40. Goran Bregovic  "Old Home Movie" 1993 0:25
Some of my favorite Di Sarli's in this 1940 tanda, energetic and literally bursting with rhythm:
41. Carlos di Sarli - Instrumental  "La trilla" 1940 2:21
42. Carlos di Sarli - Instrumental  "Shusheta" 1940 2:22
43. Carlos di Sarli - Instrumental  "Nobleza de arrabal" 1940 2:07
44. The Blues Brothers  "Theme From Rawhide 3" 1980 0:20

Milonga lover's tanda (the strange cackling sounds in "Cacareando" are actually an old one-eyed tired rooster's cock-a-doodle-doo, and an old hen's cluck-cluck, which sound "quiquiriquí" and "co-có" in Spanish)
45. Orquesta Tipica Victor - Mariano Balcarce "Milonga De Los Fortines" 1937 2:52
46. Orquesta Tipica Victor - Carlos Lafuente "Cacareando" 1933 2:45
47. Emilio Pellejero - Enalmar De Maria "Mi Vieja Linda" 1941 2:26
48. "Lady Be Good - Sol Hoopii Trio" 0:23
Ledesma and Lesica sing together, with Varela behind them
(from Tangos al Bardo)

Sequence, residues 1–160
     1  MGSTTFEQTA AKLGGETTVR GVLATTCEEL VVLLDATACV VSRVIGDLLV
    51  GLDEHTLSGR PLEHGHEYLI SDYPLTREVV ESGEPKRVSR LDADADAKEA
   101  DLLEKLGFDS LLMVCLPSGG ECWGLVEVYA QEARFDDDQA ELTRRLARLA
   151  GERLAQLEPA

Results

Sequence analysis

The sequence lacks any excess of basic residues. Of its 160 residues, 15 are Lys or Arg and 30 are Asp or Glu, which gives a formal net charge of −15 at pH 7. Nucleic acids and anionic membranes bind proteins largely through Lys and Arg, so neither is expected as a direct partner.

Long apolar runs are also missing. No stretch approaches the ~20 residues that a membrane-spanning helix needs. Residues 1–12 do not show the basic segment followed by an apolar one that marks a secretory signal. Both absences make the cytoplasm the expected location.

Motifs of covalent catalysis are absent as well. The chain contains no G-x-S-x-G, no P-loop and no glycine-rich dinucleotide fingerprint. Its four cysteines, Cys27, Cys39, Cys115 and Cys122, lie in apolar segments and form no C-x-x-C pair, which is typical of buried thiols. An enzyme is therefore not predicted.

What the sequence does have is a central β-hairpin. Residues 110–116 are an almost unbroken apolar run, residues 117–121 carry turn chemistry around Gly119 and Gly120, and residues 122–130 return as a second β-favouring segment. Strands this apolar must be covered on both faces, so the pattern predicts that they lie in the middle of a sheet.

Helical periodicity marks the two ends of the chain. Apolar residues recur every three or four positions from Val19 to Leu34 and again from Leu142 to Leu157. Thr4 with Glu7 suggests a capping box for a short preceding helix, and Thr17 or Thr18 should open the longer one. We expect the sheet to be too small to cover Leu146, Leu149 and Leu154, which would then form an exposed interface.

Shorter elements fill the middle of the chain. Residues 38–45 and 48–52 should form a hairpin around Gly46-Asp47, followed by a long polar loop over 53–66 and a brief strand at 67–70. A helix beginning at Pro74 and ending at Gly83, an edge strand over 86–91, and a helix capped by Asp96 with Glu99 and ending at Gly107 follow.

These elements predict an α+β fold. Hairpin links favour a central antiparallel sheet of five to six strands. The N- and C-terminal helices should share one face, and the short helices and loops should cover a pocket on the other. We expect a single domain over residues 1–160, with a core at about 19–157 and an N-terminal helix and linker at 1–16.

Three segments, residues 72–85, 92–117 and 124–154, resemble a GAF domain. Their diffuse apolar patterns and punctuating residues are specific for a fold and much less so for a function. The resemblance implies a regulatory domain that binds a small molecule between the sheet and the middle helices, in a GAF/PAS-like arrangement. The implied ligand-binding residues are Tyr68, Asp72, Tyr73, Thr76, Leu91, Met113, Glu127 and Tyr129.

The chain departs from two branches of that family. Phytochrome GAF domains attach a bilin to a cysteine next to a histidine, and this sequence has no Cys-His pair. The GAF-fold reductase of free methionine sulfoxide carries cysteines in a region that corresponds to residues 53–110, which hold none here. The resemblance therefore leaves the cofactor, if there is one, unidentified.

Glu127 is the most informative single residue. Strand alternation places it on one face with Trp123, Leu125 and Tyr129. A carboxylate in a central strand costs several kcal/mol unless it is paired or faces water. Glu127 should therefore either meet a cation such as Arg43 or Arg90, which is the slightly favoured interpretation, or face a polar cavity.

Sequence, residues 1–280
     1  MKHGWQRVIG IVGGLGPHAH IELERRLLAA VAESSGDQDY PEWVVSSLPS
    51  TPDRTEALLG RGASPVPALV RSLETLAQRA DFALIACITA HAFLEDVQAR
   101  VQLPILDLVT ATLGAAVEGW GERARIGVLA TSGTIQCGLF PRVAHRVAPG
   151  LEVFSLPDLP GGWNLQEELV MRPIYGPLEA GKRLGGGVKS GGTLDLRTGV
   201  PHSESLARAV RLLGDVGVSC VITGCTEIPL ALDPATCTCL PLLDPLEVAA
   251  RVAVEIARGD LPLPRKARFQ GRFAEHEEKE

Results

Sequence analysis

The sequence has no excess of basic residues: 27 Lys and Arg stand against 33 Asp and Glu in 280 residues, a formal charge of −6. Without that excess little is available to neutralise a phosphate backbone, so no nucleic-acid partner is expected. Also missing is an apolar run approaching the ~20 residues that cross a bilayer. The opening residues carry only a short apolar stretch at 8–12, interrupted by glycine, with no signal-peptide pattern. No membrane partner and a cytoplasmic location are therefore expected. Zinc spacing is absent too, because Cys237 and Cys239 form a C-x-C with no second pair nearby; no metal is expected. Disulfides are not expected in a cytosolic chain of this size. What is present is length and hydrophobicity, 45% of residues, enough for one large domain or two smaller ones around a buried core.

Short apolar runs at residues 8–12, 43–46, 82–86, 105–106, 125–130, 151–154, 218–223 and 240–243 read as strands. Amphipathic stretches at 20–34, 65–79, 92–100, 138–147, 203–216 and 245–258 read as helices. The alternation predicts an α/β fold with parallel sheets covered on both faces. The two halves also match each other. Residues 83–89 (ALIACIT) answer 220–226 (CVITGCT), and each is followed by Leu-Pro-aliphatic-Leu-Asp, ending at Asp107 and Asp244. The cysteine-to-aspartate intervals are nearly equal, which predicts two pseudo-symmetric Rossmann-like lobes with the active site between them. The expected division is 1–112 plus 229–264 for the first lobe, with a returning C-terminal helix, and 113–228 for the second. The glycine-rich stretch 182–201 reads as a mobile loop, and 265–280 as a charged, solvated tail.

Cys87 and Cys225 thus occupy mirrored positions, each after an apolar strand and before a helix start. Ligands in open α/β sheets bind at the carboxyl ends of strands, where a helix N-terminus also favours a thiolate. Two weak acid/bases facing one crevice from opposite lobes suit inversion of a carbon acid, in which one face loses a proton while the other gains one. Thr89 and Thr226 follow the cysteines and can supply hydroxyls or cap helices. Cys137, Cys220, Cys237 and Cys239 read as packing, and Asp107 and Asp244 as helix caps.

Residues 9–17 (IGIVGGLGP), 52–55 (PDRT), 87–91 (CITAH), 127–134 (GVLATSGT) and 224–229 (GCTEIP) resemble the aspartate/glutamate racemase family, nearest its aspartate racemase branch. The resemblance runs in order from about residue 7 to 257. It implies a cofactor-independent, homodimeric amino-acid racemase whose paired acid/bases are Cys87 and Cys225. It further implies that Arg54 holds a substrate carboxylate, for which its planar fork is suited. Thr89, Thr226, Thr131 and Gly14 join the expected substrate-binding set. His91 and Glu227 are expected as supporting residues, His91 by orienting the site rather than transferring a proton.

I think I spent the longest time piecing together this dramatic tanda, then worrying that it won't fly - only to see the floor full of dancers, phew :) It must have been my only 2nd time to play either Varela or Ledesma, and the very first tanda where they appeared together. But we've just celebrated Hector Varela's 101th anniversary on Jan. 29th, and it was absolutely worth a tribute. Varela had a long career as a bandoneonist and arranger for Juan D'Arienzo, and when he assembled his own band in the 1950s, most people expected a kind of D'Arienzo remixed. But the sound of Varela's tangos turned out to be very, very different, and his melodic and dramatic tangos are much loved by many older Argentines who grew up listening to radio and TV in the 1960s and 1970s. Varela's orchestra was truly blessed by the voice of Argentino Ledesma, one of the most talented singers of Argentine tango. In 1956 Ledesma left Varela to join the Di Sarli's orchestra; their collaboration was nothing short of stunning and it could have produced our best tandas ever, had it lasted. But after just a few months, Columbia Records realized just how much it lost with the departure of Ledesma from their orchestra (led by Hector Varela), and they made the singer a generous counter-offer he couldn't resist. Carlos Di Sarli understood. But he regretted the lost opportunity until his death.